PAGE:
Maybe on the Nurburgring Grand Prix track. The circuit is designed for Formula 1 races, there is space for a good four GT86 next to each other even in the tightest corner, nobody comes from the front anyway, and then there are the gravel beds and the run-off zones.
No way. Switching off ESP / VSC is prohibited, the cars are still needed for further test drives. In addition, although it is easy to initiate a drift, it is difficult not to turn it into a spin. Or as the old master Walter Rohrl says: "Drifting is the art of keeping an unstable state stable."
The trend towards sporty cars cannot be overlooked
In any case, it can be assumed that in the absence of a private racetrack, most GT86 drivers will be more civilized. You can do this, however, knowing that your car can do a lot more than the public road allows.
On the one hand, that is not so important, on the other hand, there is a trend towards sporty vehicles that cannot be overlooked. The sober computers at Toyota headquarters are praised for having allowed an affordable sports coupe to be brought onto the market again seven years after the production stop for the Celica.
Toyota boss Akio Toyoda driveseven like to race
Because of the many crossover cars, there has never been enough budget to make a Celica successor since the late 1990s. "There were ideas, but each time they were rejected", says Toyota spokesman Thomas Heidbrink.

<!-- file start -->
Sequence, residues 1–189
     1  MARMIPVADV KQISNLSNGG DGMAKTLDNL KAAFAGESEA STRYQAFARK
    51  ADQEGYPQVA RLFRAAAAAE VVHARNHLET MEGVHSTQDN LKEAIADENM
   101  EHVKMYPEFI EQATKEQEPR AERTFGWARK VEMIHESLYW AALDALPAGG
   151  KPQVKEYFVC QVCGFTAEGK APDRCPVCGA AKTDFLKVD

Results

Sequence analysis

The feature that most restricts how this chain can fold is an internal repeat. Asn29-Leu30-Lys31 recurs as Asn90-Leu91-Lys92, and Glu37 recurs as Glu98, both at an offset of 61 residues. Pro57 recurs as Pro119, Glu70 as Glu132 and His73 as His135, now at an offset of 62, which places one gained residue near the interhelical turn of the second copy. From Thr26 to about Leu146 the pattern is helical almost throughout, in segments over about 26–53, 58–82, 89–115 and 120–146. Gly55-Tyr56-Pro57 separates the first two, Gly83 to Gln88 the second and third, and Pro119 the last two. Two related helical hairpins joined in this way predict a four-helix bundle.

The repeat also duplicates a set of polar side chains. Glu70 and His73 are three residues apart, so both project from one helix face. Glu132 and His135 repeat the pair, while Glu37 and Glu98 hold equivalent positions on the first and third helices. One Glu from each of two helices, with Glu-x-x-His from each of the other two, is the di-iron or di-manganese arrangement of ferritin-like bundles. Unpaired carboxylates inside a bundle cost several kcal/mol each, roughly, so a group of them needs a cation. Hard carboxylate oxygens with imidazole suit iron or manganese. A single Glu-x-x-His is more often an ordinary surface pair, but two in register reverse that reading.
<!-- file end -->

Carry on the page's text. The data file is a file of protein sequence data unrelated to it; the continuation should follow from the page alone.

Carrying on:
The alliance concluded with Subaru in 2005 brought new momentum to history: The plan matured to build a sports coupe together and to share the costs. And the fact that Akio Toyoda took the lead in 2009 did not harm the realization of the GT86 (and the Subaru BRZ): Toyoda is an enthusiastic racing driver and has already taken part in the 24-hour race at the Nurburgring three times. With more powerful cars, of course, and including the Nordschleife.
At 29,900 euros, the GT86 is barely affordable
Nevertheless, in the end, the Toyota GT86 is a coherent car that is not even completely unaffordable at 29,900 euros. Especially since you get a very decent equipment for the money, such as cruise control, automatic air conditioning, navigation system and 17-inch alloy wheels.
You could almost say that a stripped-down version without extras for 25,000 euros wouldn’t be wrong either. But that should overwhelm the manufacturer’s logistics: Many options for small quantities are difficult to handle and again make things expensive.
Toyota and Sport, they fit together again
For Germany, Toyota is planning 3600 registrations for the GT86 in the first full sales year of 2013. After that, as is often the case with new sports cars, sales success is likely to decrease from year to year.
And then you need three things: a new idea, a management team that is enthusiastic about sports – and customers who know exactly again that it is worth asking Toyota about sporty cars. It doesn’t always have to be a hybrid.